Back at his apartment, he bumps into Amia, and mimes to her that he wants to take her out to eat. Despite their language barrier, she understands him and agrees, accompanying him to Russ & Daughters, where he tries to introduce her to gulping down a fish whole, something that she finds wholly unappetizing. Louie and Amia spend a beautiful day together, taking the Staten Island ferry past the Statue of Liberty and strolling through a park. Though they’re not using words, Louie also falters in his communication with Amia, once trying to grasp her hand, but failing to do so. The two end up in a Duane Reade pharmacy and even without language, Amia proves to be the better communicator when she relays what she’s shopping for by miming taking a shower, pretending to take off her clothes, washing her hair and then blow-drying. All Louie can do is watch wordlessly, clearly enjoying what is sort of an erotic experience for him. As he says goodbye to Amia at the end of their day, it’s obvious he wants to ask her out again, but his mouth doesn’t form the words and she closes the door.
‘Elevator Part 3′
After a fight with his brother Robbie over two broken Blackberry keys, we see Louie grocery shopping again. As he bends down to get something, a woman literally kicks him in the ass. As he stands up, we see it’s Pamela, a former fling who left him to try to make it work with her deadbeat baby daddy over in Europe. Louie doesn’t look especially happy to see her, and says nothing while she hugs him, and she physically has to put his arms around her.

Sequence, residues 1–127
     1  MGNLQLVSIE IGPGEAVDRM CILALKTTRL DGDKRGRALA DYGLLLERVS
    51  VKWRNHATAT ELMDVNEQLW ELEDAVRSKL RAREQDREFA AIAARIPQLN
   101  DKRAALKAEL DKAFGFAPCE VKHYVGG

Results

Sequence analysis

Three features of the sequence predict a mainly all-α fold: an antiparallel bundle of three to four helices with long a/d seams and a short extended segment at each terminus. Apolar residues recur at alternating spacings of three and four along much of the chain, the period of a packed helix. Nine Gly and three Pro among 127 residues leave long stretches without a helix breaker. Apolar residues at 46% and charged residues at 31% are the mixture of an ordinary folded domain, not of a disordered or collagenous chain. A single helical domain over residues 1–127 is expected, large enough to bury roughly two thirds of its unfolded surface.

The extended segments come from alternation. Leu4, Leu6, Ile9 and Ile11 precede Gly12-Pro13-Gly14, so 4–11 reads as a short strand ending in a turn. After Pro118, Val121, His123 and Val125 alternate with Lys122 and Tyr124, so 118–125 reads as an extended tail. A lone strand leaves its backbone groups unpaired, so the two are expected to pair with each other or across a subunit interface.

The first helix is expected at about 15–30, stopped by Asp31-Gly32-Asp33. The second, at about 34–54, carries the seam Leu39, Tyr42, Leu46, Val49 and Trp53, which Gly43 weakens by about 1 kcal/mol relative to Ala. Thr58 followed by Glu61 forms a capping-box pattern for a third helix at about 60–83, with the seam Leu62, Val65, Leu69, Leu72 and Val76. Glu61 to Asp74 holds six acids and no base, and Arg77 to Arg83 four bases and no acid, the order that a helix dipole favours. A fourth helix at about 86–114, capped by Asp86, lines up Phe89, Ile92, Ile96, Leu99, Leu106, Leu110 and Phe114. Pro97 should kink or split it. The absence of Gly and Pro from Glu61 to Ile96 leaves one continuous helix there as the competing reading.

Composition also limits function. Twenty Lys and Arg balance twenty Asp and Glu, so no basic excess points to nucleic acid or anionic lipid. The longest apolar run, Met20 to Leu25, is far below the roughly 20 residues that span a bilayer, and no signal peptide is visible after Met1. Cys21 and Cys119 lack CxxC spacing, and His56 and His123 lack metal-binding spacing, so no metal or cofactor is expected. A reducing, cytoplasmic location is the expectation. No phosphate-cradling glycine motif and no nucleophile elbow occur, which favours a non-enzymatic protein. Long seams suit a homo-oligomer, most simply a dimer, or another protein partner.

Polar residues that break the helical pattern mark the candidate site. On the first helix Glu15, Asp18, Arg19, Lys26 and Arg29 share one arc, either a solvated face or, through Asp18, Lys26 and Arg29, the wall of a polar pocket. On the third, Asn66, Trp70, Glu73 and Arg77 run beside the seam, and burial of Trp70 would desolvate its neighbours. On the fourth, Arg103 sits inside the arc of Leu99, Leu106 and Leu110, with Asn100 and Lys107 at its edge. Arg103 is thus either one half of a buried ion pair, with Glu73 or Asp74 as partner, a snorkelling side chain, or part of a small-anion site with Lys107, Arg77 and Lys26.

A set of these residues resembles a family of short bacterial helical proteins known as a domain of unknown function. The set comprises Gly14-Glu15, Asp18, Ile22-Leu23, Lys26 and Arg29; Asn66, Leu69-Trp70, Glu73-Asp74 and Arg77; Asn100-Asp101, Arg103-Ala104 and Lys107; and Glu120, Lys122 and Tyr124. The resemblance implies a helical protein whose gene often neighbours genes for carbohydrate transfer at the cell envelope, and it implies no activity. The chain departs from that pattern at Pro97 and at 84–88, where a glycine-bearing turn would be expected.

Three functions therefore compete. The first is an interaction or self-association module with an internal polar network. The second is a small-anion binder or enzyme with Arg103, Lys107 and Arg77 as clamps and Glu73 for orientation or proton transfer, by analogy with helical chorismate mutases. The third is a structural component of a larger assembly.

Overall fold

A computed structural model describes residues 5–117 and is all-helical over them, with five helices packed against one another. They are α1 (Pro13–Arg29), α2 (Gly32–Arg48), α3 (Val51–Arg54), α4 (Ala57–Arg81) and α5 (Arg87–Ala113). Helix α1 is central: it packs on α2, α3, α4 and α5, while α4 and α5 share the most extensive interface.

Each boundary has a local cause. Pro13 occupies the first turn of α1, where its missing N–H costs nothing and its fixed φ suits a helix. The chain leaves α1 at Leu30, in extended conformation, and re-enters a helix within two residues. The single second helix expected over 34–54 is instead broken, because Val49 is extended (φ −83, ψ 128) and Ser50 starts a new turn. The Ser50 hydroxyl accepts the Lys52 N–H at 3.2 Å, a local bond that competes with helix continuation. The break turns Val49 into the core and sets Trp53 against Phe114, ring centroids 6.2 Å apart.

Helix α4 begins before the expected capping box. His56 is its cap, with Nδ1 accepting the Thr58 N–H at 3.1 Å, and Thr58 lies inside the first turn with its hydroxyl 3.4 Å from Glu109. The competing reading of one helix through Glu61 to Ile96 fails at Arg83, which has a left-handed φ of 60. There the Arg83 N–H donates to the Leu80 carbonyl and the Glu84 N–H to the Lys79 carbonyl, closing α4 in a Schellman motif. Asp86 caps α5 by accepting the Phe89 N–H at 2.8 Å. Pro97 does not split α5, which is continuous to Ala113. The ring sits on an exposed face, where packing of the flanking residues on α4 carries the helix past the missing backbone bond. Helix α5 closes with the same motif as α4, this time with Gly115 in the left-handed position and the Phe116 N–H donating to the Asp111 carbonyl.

The two get coffee and in a one-sided torrent of conversation, she tells Louie everything that has happened with her and tells him she’s down to hang again. He still hasn’t said one word to her and she finally says, “Hello? HELLO? Is anyone in there? Did a plant make a new one of you?” Pamela’s over-the-top nature is in complete contrast to Amia’s quiet one and it seems Louie can’t get a word in edgewise and isn’t even trying. Pamela continues telling him while she was in Europe she thought about Louie, and maybe now that she’s back they could try one of those “guy/girl kissing type of things,” as she screws her face up in disgust. The first words Louie says to her are straightforward and unemotional: “I’m with somebody now.” Pamela is in disbelief and utters a low blow: “No one wants to be with you, Louie. Stop lying!” then takes a picture of his dumb face. She makes fun of him for being in a big, serious relationship as he leaves her in the diner alone.
He heads to Ivanka and Amia’s apartment, only to learn that Amia is headed back to Hungary. In an uncharacteristic sweep of romantic emotion, Louie gets down on one knee and begs her not to leave, proposing marriage in desperation. When she denies him, he cannot listen to the translation of what she’s trying to say to him, instead storming out and taking out his anger and frustration with a baseball bat on his piano’s keys. He stops his outburst when he hears the doorbell and it’s Amia and Ivanka, there to tell him he didn’t really understand; that she’s in New York for a month and would like to spend time with him while she’s here. Despite beating on his Steinway in sadness only moments before, he smiles at the prospect of seeing her again.